Oxidative Medicine and Cellular Longevity

Oxidative Medicine and Cellular Longevity / 2019 / Article
Special Issue

Effects of Redox Disturbances on Motility, Contractility and Muscle Tissue Pathogenesis

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Editorial | Open Access

Volume 2019 |Article ID 3272035 | https://doi.org/10.1155/2019/3272035

C. Karatzaferi, M. Sandri, G. K. Sakkas, C. Smith, "Effects of Redox Disturbances on Motility, Contractility and Muscle Tissue Pathogenesis", Oxidative Medicine and Cellular Longevity, vol. 2019, Article ID 3272035, 2 pages, 2019. https://doi.org/10.1155/2019/3272035

Effects of Redox Disturbances on Motility, Contractility and Muscle Tissue Pathogenesis

Received28 May 2019
Accepted28 May 2019
Published16 Jun 2019

Whether in health or disease, reactive oxygen and nitrogen species (ROS/RNS) affect smooth and striated muscle status and function in ways not always discernible or appreciated. Despite the technological and methodological advancements, some key challenges still exist. On the one hand, one challenge is to appreciate acute effects on contractility and/or bioenergetics within a realistic functional context, effectively linking in vitro observations to in vivo conditions. On the other hand, chronic effects on indices of clinical significance are more difficult to clarify given the interplay of redox status variations with systemic inflammation and autophagy but also with lifestyle factors such as nutrition and physical activity—which impact on systemic health indices, as well as directly on smooth and striated muscles.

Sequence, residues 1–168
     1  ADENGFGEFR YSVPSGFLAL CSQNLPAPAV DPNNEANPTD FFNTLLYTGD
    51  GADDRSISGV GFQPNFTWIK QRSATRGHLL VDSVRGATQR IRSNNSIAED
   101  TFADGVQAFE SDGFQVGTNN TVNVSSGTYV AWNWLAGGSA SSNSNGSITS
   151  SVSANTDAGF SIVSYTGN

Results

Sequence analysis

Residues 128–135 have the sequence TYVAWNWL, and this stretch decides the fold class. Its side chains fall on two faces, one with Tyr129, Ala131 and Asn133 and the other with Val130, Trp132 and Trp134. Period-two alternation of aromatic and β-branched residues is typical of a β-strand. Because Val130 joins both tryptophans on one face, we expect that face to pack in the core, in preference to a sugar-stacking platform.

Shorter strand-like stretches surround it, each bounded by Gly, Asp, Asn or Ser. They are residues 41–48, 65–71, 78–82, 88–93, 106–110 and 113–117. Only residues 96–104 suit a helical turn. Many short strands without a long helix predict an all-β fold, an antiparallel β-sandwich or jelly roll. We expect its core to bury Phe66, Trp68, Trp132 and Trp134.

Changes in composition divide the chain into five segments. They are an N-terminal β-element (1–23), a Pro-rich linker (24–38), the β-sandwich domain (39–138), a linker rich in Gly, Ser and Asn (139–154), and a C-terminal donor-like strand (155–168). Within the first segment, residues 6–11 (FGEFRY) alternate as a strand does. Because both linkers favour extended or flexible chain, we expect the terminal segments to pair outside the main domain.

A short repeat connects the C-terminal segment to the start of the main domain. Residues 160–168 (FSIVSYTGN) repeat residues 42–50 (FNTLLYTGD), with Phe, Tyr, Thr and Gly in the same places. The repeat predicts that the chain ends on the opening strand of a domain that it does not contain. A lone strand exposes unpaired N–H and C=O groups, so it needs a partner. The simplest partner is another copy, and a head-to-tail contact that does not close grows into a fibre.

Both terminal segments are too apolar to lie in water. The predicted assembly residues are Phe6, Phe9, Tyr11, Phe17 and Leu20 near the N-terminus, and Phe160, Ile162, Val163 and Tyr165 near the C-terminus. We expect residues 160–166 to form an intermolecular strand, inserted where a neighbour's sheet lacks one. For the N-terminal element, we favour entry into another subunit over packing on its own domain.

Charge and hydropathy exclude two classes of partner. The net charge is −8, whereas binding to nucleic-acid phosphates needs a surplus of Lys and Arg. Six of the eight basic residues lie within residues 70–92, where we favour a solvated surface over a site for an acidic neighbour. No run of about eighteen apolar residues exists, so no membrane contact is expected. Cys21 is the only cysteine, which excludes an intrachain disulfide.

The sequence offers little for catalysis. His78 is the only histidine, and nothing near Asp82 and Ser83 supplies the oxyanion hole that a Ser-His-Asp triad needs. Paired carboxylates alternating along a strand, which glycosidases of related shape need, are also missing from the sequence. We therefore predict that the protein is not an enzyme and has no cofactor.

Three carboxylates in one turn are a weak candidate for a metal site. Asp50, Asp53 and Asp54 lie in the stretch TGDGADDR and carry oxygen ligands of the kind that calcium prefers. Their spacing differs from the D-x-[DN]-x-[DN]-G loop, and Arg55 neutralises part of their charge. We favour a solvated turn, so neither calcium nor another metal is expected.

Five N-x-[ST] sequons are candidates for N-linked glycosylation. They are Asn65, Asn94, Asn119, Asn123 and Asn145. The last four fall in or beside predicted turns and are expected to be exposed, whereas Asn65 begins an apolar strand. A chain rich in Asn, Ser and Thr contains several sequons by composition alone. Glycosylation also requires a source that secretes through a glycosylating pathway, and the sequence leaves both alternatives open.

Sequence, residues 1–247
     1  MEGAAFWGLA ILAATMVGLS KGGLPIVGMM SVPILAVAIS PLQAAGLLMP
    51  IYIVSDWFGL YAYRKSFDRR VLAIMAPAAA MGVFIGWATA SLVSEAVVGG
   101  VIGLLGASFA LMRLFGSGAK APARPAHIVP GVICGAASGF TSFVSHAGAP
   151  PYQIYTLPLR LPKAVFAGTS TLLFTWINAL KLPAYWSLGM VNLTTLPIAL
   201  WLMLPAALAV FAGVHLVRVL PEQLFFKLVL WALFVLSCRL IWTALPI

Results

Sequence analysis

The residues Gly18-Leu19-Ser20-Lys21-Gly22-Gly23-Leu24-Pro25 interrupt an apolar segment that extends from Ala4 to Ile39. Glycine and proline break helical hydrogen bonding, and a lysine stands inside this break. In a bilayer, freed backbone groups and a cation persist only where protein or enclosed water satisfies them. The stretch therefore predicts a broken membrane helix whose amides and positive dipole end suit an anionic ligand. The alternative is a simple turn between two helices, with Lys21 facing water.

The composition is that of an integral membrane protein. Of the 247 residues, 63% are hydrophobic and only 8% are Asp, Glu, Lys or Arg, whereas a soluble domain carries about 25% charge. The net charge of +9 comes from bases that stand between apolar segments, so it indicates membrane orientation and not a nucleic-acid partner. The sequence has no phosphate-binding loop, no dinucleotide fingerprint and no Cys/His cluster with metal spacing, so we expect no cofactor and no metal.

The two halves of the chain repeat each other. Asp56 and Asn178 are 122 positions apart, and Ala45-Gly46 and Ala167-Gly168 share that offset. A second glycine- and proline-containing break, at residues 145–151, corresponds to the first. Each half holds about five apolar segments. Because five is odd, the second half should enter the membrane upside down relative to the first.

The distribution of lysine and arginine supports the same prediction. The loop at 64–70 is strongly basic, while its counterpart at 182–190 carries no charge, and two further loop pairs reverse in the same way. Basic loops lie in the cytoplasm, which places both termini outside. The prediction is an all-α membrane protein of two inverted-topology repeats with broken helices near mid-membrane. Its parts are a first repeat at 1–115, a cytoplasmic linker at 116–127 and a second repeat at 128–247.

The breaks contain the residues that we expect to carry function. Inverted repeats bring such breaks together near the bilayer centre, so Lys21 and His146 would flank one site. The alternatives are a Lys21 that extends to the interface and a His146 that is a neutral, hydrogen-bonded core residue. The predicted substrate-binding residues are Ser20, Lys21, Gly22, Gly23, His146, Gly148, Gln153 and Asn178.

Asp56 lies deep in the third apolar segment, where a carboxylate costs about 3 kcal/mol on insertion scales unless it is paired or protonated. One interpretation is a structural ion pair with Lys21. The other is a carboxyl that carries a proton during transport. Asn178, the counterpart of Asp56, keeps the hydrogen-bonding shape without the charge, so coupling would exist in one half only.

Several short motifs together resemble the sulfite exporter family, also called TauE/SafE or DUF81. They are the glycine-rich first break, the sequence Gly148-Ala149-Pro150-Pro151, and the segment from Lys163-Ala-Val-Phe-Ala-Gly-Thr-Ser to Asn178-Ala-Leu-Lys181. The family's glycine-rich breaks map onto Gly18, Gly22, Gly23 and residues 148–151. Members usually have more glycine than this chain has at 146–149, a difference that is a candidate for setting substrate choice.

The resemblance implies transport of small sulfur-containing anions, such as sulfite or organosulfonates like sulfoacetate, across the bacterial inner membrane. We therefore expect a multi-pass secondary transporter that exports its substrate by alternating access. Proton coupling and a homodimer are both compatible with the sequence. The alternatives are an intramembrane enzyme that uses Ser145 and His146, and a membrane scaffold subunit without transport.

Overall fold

Redox disturbances are associated with various hallmarks of health deterioration. Regarding skeletal muscle atrophy, a common denominator of many diseases, it remains quite difficult to discern disuse-induced from disease-induced atrophy and the role of ROS-induced signalling (e.g., Malavaki et al.). That is because prolonged periods of contractile inactivity lead to increased production of intramuscular ROS [1], while both immobilization [2] and unloading [3] have been associated with elevated ROS. Many groups are researching the role of ROS/RNS in disturbing the protein balance from protein synthesis to protein degradation via acceleration of proteolysis and depression of synthesis [4]. Others examine if oxidative stress may help explain chronic disease effects on muscle status [5]. Likewise, there is increasing work on the interplay of autophagy, viewed as an antiaging system, and redox imbalances that may affect the contractile and the neuromuscular junction machineries and may modify the overall progress of neurogenic muscle atrophy (e.g., [6, 7]). Moreover, redox imbalances directly modulate force generation with scientific interest turning towards the interaction between muscle adaptations to chronic redox imbalances and acute responses to ROS accumulation (e.g., [8]). Various international groups and networks have thus undertaken the challenge to characterize the crosstalk between other organ systems and muscles and to decipher the role of redox imbalances in early muscle disease detection, or to monitor longitudinal changes, in order to devise preventive strategies to counteract muscle tissue pathogenesis, whether in striated or smooth muscles.